The changes made to the taxation of employee share schemes in 2009 meant that employee share schemes were no longer a viable strategy for private businesses. The tax cost of traditional arrangements became excessive for the employees and the costs to design tax effective arrangements were prohibitive. Unwinding the 2009 changes is welcome, but needs to be undertaken in the context that the pre-2009 rules weren’t perfect. The government should use this as an opportunity to improve the overall treatment of employee share schemes, not just re-implement the old rules replete with their flaws.
For shareholders in private companies, taxing discounted options when they are converted to shares rather than when they are issued is merely moving the issue. Shares and options in privately owned businesses are not readily convertible to cash. There is no market for shares in private companies, as opposed to public companies where the shares can be traded on the applicable exchange. The concession should defer the taxing point until the employee share is sold. This would overcome the unfunded tax liability issue, which is the primary issue impeding the implementation of employee share arrangements by private companies.
The announced concessions for start-ups is welcomed, but we (and others) have been calling for this for a long time now, so we need to see action not announcements.
The proposal to defer taxation until sale is a very positive move and the indicative eligibility criteria are generous enough that they should capture most start-up style businesses. We’d called for a $20 million threshold in submissions to treasury, so a $50 million threshold is better than had been hoped for.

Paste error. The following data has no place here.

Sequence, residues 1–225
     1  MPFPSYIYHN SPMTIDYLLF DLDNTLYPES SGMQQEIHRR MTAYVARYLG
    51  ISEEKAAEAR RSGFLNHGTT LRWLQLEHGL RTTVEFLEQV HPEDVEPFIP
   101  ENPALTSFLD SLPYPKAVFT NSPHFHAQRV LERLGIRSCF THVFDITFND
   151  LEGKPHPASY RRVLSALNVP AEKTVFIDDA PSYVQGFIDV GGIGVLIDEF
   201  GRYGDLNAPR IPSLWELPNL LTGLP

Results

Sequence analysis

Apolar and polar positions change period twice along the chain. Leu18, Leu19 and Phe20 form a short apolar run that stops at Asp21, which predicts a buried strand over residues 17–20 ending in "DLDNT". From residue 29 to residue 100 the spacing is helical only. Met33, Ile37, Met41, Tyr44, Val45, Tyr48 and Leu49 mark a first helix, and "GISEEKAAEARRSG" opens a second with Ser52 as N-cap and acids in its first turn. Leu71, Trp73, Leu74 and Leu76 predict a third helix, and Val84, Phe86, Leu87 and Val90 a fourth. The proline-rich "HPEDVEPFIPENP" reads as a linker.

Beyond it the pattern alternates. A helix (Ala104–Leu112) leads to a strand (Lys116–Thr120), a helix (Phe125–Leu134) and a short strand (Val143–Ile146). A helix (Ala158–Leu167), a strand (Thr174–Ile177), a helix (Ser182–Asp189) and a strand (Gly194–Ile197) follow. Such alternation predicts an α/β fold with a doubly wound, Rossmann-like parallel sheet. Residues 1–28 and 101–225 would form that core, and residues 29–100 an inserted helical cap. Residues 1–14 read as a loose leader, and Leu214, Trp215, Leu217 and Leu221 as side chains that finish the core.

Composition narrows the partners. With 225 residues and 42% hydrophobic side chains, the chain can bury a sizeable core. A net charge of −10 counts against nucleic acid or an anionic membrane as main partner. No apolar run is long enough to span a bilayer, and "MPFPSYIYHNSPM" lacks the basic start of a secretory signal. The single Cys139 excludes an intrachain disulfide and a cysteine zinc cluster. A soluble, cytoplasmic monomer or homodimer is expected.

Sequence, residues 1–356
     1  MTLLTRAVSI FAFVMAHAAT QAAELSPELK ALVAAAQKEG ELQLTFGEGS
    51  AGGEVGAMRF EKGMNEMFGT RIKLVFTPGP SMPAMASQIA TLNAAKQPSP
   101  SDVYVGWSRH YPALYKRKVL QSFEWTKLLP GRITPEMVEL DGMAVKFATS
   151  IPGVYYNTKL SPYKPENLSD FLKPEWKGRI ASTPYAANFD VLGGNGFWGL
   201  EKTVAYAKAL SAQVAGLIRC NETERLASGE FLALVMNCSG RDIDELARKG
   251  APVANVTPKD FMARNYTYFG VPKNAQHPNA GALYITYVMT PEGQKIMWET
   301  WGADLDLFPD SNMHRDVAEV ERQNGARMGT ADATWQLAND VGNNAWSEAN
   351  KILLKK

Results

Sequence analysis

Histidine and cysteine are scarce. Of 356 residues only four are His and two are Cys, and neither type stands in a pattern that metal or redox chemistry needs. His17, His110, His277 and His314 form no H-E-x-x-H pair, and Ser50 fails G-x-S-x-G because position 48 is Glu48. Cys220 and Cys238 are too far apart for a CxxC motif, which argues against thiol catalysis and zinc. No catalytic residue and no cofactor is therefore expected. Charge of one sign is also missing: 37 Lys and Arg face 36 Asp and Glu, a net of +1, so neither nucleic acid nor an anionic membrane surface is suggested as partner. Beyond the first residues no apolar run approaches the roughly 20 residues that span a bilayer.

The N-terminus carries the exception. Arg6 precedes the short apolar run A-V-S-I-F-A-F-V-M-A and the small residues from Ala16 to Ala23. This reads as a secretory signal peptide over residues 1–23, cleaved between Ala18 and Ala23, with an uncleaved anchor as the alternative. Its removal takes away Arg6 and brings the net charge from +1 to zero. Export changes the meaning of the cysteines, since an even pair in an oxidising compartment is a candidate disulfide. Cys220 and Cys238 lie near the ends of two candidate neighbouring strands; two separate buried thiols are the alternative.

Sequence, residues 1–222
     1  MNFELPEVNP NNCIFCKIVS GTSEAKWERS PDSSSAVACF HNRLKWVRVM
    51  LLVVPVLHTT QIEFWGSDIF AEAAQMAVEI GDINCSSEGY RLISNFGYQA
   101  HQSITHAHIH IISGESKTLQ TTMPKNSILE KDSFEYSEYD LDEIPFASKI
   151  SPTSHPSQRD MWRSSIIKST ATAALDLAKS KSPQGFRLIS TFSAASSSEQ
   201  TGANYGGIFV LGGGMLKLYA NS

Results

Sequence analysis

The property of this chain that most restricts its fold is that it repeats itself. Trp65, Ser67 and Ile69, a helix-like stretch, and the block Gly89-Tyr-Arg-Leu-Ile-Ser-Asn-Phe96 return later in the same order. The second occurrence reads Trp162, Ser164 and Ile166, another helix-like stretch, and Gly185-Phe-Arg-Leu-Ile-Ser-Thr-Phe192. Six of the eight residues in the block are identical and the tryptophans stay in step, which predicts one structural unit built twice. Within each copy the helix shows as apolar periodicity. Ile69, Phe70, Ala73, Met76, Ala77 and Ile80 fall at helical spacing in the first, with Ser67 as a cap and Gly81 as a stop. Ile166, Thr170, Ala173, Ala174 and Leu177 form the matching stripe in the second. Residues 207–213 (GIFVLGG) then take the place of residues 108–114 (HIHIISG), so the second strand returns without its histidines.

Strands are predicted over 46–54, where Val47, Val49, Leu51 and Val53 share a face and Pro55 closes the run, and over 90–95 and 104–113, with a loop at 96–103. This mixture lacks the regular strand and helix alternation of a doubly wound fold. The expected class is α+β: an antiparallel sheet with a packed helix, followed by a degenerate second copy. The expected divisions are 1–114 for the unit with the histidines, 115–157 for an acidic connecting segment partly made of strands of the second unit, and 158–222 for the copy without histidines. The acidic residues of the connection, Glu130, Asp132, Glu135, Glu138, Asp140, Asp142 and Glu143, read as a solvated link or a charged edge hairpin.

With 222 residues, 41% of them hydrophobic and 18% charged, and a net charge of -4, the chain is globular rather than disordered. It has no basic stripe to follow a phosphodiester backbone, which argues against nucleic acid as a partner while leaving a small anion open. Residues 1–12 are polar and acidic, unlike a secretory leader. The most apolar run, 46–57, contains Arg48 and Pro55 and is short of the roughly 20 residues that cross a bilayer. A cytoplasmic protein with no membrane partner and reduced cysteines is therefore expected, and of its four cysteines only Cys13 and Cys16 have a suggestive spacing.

I would only question the “being incorporated for less than 10 years” condition because the lives of companies are such that some small-scale companies may exist for years before a change leads them to becoming start-up in nature.
A key issue is going to be addressing the rate of taxation applying to the gains made on the employee shares – essentially, should it be taxed as income (at full rates) or a capital gain (and benefit from the 50 per cent discount)?
Treating the gain as a capital gain is appropriate as:
– The gain represents a growth in the capital value of the business and so is inherently capital in nature. It can be distinguished commercially from a bonus paid out of profits and the tax treatment should reflect this
– The gain arises in a single income year although the gain has accumulated over a number of income years. Due to the marginal tax rates, taxing the whole gain as income in a single year will result in an artificially high effective rate of tax applying to the gain
Other countries – such as the UK, Singapore, Canada and Israel – apply a concessional rate of tax to employee share scheme related gains. Australia competes against these countries for innovative and entrepreneurial business and we need to recognise this reality in designing the revised tax rules.
In implementing these changes the government needs to ensure that it does not impose unnecessary compliance costs. If the rules could be designed so that valuation requirements were removed for start-ups, that would be a very positive step. This can be achieved by taxing the gain made on employee share as a capital gain with tax being imposed in the year in which the shares are sold.
Greg’s tax expertise and 20 plus years’ experience as a Chartered Accountant enables him to work with clients to deliver practical, commercially focused outcomes, whether it’s a technical tax matter or a broader business issue. Recognised as one of Australia’s leading tax advisors, Greg has assisted countless businesses, individuals and families to deal with complex and significant tax issues. He is a published author and regular conference presenter.
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